A Big Gamble for the Small Screen

In August, I decided to do something with an idea that’s been nagging me for the better part of the year. It was ignited by the buzz around whether or not the person cast as The Twelfth Doctor (of “Doctor Who” fame) would be male or female. I’m in the male Doctor camp, but not for sexist reasons. The Doctor is one of the (very) few male heroes who use their brains instead of their fists (Constantine is another and everyone should give his show a chance). To make The Doctor female would take that away from males who need someone to look up to or mimic. I am also fully aware and saddened by how damn shallow the heroine pool is. However, “Doctor Who” has a female character who hasn’t been seen in decades who deserves her own series. But no one remembers the Time Lady, Romana, except me, it seems.

I thought about what I’d do if I could make that series. Even got as far as seriously daydreaming a three-season arc. Then certain realities started sinking in. Mainly the ones about me being nowhere near the BBC and how my ideas weren’t exactly family-friendly. But I really liked what I came up with for Romana. Then August came and with it, an epiphany. One of my favorite films, “Darkman”, exists because Sam Raimi couldn’t get the rights to “The Shadow”. “Watchmen” exists because Alan Moore couldn’t use Charleston Comics characters. Star Wars exists because George Lucas couldn’t get the rights to “Flash Gordon” or “Hidden Fortress”. Great(er) things come from inspiration instead of adaptation sometimes. That’s when I decided to make my Romana idea into “Lady Vincent’s Journey”.

I didn’t wanna work on it by myself because it’d probably kill me. I also knew that I’m not who you’d call a trusting person, so any collaboration would extend as far as my address book. One friend who I thought would be good was working on his anti-zombie zombie novel. Luckily, the other friend was available. For the rest of the hear, we cackled in diners as we thought of Vincent’s life. We have humor that borders on the perverse and fucking gallows, so I imagine anyone who heard why were laughing must’ve been worried. We wanted to make a show that, for all its murky morality, was lighthearted. And mature. And animated. And unrepentant. We also didn’t really have a plan once we had enough to present to people except to find people to present to… then I came across a contest for new TV shows. Or rather, it found me. And today, I send Lady Vincent on her journey.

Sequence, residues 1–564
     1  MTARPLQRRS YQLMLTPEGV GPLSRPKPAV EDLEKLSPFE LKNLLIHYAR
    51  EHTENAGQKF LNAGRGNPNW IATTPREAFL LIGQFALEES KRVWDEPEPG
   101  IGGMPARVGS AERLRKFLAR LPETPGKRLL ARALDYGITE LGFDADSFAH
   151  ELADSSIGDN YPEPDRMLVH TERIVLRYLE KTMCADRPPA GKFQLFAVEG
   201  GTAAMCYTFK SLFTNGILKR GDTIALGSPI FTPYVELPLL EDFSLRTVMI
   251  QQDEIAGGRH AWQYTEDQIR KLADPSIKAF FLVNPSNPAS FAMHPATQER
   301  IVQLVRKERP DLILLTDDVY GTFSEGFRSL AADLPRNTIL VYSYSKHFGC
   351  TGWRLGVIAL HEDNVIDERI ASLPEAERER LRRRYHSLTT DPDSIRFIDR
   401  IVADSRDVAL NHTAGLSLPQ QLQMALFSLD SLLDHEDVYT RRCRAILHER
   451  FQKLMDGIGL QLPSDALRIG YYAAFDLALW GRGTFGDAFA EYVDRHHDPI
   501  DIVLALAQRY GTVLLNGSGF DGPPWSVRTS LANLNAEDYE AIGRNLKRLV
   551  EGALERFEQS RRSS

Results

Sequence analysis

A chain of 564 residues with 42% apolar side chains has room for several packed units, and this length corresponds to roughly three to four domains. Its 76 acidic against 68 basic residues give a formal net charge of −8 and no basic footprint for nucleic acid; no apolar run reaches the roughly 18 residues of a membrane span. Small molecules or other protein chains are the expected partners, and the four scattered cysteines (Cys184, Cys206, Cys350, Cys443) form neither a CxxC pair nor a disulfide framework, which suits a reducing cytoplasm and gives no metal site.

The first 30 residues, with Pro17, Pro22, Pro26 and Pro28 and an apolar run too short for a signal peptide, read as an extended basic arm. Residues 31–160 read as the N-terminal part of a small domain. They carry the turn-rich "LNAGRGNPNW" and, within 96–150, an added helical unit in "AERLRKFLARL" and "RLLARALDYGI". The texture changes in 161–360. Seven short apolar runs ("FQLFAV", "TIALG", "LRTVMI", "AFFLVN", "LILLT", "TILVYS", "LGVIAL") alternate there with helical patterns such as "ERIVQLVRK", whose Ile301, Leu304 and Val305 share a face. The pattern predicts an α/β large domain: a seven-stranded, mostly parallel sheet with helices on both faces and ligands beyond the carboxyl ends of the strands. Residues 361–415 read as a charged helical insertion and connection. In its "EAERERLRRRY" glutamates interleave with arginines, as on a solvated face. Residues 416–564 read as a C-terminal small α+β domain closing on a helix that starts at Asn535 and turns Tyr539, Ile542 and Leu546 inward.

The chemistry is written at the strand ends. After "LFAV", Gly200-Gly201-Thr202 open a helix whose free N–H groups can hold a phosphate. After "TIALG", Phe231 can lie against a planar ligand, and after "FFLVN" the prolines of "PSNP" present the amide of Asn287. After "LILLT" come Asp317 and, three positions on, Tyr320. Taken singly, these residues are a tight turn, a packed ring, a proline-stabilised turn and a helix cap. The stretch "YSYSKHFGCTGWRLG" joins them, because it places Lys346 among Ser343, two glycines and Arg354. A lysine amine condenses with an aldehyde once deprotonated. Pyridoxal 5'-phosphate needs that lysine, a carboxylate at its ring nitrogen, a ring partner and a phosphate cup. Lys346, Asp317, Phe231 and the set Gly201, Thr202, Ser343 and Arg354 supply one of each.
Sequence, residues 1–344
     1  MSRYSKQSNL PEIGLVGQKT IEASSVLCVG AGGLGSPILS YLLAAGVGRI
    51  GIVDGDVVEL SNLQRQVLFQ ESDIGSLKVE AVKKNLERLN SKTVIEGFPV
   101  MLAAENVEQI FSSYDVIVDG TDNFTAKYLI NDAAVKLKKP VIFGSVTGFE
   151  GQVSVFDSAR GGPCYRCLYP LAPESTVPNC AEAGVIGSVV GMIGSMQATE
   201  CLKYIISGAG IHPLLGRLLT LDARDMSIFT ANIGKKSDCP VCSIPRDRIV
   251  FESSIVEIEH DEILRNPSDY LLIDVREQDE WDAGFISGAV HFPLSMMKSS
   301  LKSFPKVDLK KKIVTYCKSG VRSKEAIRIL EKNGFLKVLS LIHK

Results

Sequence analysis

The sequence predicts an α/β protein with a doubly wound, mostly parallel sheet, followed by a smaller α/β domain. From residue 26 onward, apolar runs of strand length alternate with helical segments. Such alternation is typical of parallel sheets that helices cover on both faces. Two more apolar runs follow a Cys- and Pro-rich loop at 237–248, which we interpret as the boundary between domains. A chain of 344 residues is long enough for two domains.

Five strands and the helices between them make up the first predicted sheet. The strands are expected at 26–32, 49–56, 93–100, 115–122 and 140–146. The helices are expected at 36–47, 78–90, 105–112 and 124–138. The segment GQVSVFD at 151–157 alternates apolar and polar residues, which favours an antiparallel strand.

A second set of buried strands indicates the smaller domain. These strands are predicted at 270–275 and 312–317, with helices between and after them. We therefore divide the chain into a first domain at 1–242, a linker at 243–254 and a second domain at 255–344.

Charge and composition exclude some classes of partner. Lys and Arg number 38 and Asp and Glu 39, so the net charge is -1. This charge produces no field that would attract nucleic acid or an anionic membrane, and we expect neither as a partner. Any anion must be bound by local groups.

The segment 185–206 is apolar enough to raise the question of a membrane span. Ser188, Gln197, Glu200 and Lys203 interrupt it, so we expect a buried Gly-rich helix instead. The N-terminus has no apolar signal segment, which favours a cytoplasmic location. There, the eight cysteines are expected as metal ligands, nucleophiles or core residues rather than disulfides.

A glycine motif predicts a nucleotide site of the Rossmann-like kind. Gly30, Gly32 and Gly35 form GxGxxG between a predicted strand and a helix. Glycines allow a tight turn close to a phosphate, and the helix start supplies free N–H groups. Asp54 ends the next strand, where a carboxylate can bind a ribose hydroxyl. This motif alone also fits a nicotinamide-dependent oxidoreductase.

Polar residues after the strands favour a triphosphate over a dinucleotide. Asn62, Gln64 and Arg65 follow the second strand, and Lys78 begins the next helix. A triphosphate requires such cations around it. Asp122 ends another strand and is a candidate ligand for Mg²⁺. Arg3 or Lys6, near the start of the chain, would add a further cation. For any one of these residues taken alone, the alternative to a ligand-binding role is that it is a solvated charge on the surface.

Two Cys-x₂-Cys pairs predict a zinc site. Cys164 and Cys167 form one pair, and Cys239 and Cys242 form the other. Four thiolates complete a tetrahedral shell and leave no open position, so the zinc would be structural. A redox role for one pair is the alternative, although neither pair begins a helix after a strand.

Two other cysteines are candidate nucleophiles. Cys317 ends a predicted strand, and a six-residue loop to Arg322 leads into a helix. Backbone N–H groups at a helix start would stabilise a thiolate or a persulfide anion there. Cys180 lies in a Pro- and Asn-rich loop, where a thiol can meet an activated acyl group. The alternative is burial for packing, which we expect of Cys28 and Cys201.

Bringing things back to comics at the end, I read Brian Wood’s “Channel Zero” yesterday. It made me realize the freedom that comics have in terms of storytelling and presentation because they’re treated by (American) society as the retarded art form. Don’t let the last few years in cinema fool you: comic book movies are popular, not comic books. “Channel Zero” opened up a few doors for “Dreams and Things”… and another idea that came to me. I’ll call it “Wanion” for now and say that it’s my love letter to Chicago an a reappropriation of a Batman idea I had.

Here’s the trailer to an important documentary a-comin’ for comic geeks: “She Makes Comics”.

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